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How hard is passing?


Sophah

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Hello dear People

How hard is passing actually? I really wonder. If i am going to the Cinema, for example, how likely will i pass? In case of rare talking, and not interacting with peoples much?

Also, are there any Situations to avoid?

Basicly, are there any Mayor important Points to look on?

 

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  • Root Admin

Hello Sophah,

Welcome to TransPulse forums. Passing can be easy if you follow a few basic rules. Observe what others are wearing and mimic their style. Don't over dress. In other words, dress for the occasion. Don't wear excessive makeup. The less you wear is better. If you look like a painted up clown, you'll only draw attention to yourself. You want to blend in with the general populace. Also, go with friends, if possible. You can find a lot of useful information here. https://www.youtube.com/results?search_query=Tips+for+passing+if+transgender

MaryEllen

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  • Forum Moderator

Sophah you will find a lot of information by just observing others while you are out.  As MaryEllen says you do not want to stand out in the crowd but rather blend in.  Don't wear or do things to the extreme.  Act normal.

Welcome to TransPulse!  

Jani

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How hard is passing? To be honest it really depends on the person. 

Hair (covering the beard shadow too!!), voice, cleavage, dress, mannerisms, and my own confidence affect how well I pass. The last one is a biggy, because even if I am good for all the others, without the confidence I would not pass as well as I do. Things I tend to avoid, being alone in unfamiliar places, and when going out having other girlfriends with me. But alot of that is the same lessons cis-girls learn--being alone on an unfamiliar street late at night is not safe. Also, for the first few times out, I went out with other trans friends. They were helpful in giving me the confidence I carry to this day.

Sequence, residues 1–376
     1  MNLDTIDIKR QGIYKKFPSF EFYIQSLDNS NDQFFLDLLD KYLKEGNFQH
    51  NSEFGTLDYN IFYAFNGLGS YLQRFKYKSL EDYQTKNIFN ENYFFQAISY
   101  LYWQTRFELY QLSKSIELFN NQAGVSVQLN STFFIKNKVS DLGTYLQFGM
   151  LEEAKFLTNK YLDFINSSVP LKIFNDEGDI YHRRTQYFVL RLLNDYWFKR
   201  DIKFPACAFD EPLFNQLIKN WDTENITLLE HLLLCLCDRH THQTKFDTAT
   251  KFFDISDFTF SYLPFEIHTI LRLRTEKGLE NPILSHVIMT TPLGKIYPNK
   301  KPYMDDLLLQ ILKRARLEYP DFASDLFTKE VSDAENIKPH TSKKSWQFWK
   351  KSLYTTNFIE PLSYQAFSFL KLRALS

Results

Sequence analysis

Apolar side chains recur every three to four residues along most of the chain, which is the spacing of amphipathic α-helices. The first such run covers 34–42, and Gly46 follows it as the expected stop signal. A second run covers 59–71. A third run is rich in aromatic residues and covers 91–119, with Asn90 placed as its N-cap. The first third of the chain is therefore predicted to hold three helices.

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Hi Sophah,

One of the best pieces of advice I've heard on this, which I think is very wise, is to go out with an experienced transgirl or cross dresser on your first outing or two (I'm assuming you haven't been out in public much. If I'm wrong, I apologise). If you don't know any personally, there are tranagender support groups and cross dresser social groups wear you can meet people and make friends. Having someone elses experience you can rely on the first time or two can break that ice and give you the confidence to go out on your own. Besides, it's fun going out with someone else! 

 

Lots of love,

Timber Wolf?

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Passing is only highly sought-after so people could go stealth by blending into the cis community. Of course, a typical trans-gendered woman would prefer to be seen as cis-gendered by the public, and not as a transgendered person (for me, I prefer the public seeing me as cis but I like my new friends knowing I'm trans). Although the importance of passing would be far less today than 10 or 20 years ago, as being trans today is more acceptable by others - but still, there are closed-minded individuals. (Boo!)

Aside from presenting as a cis-gendered person, safety is very important. I'd highly suggest going out with other like-minded people, maybe from a support group or close and supportive friends. It's probably not very likely we are in immediate danger if you felt relatively safe beforehand. 

The biggest impact would be self-confidence. If you feel attractive or passable, you're probably going to feel more comfortable going outside dressed as your preferred gender. So it's important to practice, vocally and your appearance (make-up, hair, attitude(smile) and personality(outgoing) can help).

It sure can be scary, but with practice, in time it becomes much easier. 

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  Passing was hard at first and i was hyper sensitive. I was terrified when i first went out into the world.  I'm sure i overdressed and stood out like a sore thumb.  I remember being in a mall with a group of young girls giggling and pointing.  I was so ashamed and fearful.

In time i found comfort in simply being me.  The fear left and oddly so did the laughs.  I am accepted as myself.  I dress casually and while i wear skirts more than many cis women they are conservative and fit into the situations where i travel.  Comfort came with time and experience.  I remember going for a drive and stopping at many stores and getting little things just for the experiences.  I learned how to be a woman of the world just as other women do but had to doit as an adult which oddly may have made it harder.